Teens today are "trying out being transgender" to appear "different" to their peers or to gain attention, a leading gender expert has suggested.
Psychiatrist Dr Stephen Stathis, who runs a gender clinic, Brisbane's Lady Cilento Children's Hospital, told the Courier Mail he had seen a lot of adolescents "trying out being transgender" to stand out.
"One said to me, 'Dr Steve ... I want to be transgender, it's the new black'," he said.
Stathis added that a gender dysphoria diagnosis will be given to only a small percentage of the 180 minors who seek treatment at his clinic this year. Gender dysphoria is defined as a "strong, persistent feeling of identification with the opposite gender and discomfort with one's own assigned gender," and a diagnosis of the disorder is the first step for a transgender person to begin transitioning.
In an earlier interview last month, Stathis said that a majority of the patients he sees who "present with gender variant interests and behaviors, or are gender diverse" don't need treatment, as most identify as their birth gender by the time they reach puberty.
"You might get a six- or seven-year-old girl wanting to dress as a boy," he said. "She may even say she wants to be a boy. When she hits puberty, she says, 'No, I'm just a girl who likes to do boy things."
He added, "Numbers of young people were getting their sexual identity mixed up with their gender identity...There's so many different terms, gender diverse - their interests and behaviors were not falling between what we would call cultural norms."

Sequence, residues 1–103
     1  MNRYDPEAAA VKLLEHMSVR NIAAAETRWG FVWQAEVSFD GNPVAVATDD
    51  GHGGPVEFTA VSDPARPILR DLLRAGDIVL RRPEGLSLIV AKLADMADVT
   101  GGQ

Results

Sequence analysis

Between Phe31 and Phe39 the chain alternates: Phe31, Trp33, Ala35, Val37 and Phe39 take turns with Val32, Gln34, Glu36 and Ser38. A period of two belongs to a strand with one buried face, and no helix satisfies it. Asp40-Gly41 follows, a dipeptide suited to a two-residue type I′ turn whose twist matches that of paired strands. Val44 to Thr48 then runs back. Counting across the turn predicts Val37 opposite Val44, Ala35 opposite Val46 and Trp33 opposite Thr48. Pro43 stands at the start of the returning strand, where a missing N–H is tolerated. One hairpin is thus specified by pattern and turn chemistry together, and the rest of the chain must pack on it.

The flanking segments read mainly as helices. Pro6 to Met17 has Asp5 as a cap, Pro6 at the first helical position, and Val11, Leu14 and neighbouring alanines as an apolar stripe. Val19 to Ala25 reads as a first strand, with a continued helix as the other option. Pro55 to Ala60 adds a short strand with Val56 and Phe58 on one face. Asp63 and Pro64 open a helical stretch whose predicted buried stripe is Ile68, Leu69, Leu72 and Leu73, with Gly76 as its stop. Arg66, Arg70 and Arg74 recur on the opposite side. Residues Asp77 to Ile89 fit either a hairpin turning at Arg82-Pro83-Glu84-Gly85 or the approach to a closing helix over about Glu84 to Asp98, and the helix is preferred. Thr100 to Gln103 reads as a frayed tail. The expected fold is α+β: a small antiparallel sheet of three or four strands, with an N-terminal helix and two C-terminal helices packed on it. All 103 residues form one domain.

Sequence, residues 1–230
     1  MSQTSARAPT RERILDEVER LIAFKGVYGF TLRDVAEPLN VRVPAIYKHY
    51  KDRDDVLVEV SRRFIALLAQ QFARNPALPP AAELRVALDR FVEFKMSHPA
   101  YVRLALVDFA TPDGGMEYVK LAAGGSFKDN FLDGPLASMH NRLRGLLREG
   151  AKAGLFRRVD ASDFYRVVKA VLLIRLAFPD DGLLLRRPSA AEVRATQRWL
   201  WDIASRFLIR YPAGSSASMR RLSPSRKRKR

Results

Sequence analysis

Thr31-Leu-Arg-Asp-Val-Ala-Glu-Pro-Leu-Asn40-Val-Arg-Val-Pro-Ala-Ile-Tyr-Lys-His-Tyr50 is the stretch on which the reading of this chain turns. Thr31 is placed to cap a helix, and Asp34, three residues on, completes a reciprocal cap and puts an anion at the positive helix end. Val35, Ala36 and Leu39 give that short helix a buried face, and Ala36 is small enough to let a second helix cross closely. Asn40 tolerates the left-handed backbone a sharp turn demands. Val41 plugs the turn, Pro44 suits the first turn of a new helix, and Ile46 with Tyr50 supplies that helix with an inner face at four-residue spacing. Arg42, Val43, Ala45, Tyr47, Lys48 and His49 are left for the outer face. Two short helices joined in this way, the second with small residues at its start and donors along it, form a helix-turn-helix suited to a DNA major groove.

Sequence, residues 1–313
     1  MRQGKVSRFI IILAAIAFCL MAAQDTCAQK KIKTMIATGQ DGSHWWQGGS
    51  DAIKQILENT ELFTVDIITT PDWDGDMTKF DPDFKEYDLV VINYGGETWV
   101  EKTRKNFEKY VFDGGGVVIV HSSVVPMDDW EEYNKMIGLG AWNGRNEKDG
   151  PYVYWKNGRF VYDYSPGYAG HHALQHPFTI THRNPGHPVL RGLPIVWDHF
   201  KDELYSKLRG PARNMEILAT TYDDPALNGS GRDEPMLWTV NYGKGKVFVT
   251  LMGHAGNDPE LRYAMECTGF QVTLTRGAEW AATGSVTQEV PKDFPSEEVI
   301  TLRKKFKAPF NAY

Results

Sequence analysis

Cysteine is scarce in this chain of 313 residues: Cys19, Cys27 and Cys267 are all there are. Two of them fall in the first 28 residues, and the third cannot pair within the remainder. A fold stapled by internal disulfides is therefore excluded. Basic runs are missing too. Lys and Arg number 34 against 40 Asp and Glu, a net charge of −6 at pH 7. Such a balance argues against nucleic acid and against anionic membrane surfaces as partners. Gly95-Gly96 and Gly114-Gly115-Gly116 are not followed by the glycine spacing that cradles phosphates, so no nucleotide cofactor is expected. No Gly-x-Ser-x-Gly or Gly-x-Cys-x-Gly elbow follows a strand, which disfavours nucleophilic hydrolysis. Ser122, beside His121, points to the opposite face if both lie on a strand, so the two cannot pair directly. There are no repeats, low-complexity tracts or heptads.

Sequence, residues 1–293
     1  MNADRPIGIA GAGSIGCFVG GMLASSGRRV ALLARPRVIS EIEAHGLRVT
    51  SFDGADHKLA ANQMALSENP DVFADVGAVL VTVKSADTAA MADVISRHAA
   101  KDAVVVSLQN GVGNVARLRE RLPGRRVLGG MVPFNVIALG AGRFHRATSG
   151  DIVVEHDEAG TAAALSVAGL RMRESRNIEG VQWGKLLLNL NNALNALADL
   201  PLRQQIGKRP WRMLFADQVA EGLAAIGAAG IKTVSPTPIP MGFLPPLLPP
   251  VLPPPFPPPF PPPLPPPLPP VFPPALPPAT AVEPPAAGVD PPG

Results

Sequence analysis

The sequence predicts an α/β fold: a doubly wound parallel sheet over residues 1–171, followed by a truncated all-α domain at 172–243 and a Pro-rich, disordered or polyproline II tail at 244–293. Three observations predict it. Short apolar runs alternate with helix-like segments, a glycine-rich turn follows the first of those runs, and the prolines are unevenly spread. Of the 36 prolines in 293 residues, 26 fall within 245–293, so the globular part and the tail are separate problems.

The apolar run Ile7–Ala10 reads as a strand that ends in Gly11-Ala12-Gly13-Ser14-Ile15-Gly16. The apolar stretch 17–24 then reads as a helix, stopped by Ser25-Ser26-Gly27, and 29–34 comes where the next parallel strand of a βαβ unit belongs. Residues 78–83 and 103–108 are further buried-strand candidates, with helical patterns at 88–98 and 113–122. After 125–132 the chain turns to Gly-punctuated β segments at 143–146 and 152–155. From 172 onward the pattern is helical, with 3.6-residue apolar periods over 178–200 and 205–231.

Girls, Stathis said, could do "stereotypical boys things" and simply be called a tomboy. "But boys, you put on a pink tutu and you're off to see the doctor," he said. "There's a lot of cultural norms here which makes it very complex."
Stathis said that before he'll prescribe hormone blockers to minors, he requires them to undergo intensive mental-health screenings with multiple psychiatrists.
Transgender children and teens have been the focus of considerable media attention in recent years and have seen an increased visibility in film and television. Last year, transgender teenager Jazz Jennings starred in Microsoft's Christmas-themed ad, and National Geographic featured a 9-year-old transgender child on the cover of its January issue.
At the time, The American Family Association described the promotion of gender dysphoria as "shaking a fist at God."
"BE WARNED PARENTS AND GRANDPARENTS!!! National Geographic shakes a fist at God and biblical authority on their radical mission to advocate gender confusion in upcoming issues. The biblical teaching of the truth about gender identity is confirmed by biological science," the group said on its Facebook page.
"Human sexuality is binary by design. Binary means there are two and only two options according to medical science - a child either has an XY chromosomal pattern or an XX. These are genetic markers which indicate God's master design for humanity and create the capacity for human reproduction," it added. "This Scripture verse comes to mind, 'But if you cause one of these little ones who trusts in me to fall into sin, it would be better for you to have a large millstone tied around your neck and be drowned in the depths of the sea.' Matthew 8:16 NIV."
Pope Francis has also spoken out against teaching gender theory to children, calling it "indoctrination." Gender theory is the idea that while people may be biologically male or female, they have the right to identify themselves as male, female, both or neither.
In October, he told reporters that gender theory being taught in schools "is against natural things."
"It is one thing for a person to have this tendency, this option, and even change sex," he said. "But it is another thing to teach it, gender theory, in schools along these lines in order to change mentality. I call this ideological colonization."